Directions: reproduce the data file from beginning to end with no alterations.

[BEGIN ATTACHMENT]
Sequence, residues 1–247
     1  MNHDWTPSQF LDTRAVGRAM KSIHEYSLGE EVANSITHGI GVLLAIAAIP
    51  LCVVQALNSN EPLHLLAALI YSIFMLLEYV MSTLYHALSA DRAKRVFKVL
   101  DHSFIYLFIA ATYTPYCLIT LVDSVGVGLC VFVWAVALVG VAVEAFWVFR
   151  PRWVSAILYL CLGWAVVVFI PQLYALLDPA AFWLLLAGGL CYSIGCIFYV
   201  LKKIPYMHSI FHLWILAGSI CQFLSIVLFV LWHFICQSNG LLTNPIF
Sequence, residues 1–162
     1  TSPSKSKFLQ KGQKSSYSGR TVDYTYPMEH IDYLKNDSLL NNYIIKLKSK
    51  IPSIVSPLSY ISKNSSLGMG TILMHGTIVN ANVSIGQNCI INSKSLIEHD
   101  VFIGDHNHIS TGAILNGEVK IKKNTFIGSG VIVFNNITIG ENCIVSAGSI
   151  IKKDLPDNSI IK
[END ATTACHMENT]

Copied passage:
Sequence, residues 1–247
     1  MNHDWTPSQF LDTRAVGRAM KSIHEYSLGE EVANSITHGI GVLLAIAAIP
    51  LCVVQALNSN EPLHLLAALI YSIFMLLEYV MSTLYHALSA DRAKRVFKVL
   101  DHSFIYLFIA ATYTPYCLIT LVDSVGVGLC VFVWAVALVG VAVEAFWVFR
   151  PRWVSAILYL CLGWAVVVFI PQLYALLDPA AFWLLLAGGL CYSIGCIFYV
   201  LKKIPYMHSI FHLWILAGSI CQFLSIVLFV LWHFICQSNG LLTNPIF
Sequence, residues 1–162
     1  TSPSKSKFLQ KGQKSSYSGR TVDYTYPMEH IDYLKNDSLL NNYIIKLKSK
    51  IPSIVSPLSY ISKNSSLGMG TILMHGTIVN ANVSIGQNCI INSKSLIEHD
   101  VFIGDHNHIS TGAILNGEVK IKKNTFIGSG VIVFNNITIG ENCIVSAGSI
   151  IKKDLPDNSI IK